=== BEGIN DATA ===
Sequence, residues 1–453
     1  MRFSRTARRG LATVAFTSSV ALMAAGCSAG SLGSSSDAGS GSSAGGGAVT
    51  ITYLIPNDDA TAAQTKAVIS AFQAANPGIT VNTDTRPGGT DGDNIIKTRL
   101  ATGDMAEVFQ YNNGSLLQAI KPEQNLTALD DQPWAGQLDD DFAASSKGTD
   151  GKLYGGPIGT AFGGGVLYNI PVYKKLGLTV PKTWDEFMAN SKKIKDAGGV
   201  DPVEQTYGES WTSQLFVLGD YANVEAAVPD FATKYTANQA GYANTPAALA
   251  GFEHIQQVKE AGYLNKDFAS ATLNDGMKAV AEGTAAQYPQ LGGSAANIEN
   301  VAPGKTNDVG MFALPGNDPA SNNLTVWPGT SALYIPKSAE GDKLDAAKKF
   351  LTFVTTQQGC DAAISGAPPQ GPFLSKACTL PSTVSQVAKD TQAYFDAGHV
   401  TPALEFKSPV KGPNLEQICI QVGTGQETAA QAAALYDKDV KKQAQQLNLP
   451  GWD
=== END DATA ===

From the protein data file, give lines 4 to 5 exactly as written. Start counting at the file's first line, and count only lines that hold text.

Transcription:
   101  ATGDMAEVFQ YNNGSLLQAI KPEQNLTALD DQPWAGQLDD DFAASSKGTD
   151  GKLYGGPIGT AFGGGVLYNI PVYKKLGLTV PKTWDEFMAN SKKIKDAGGV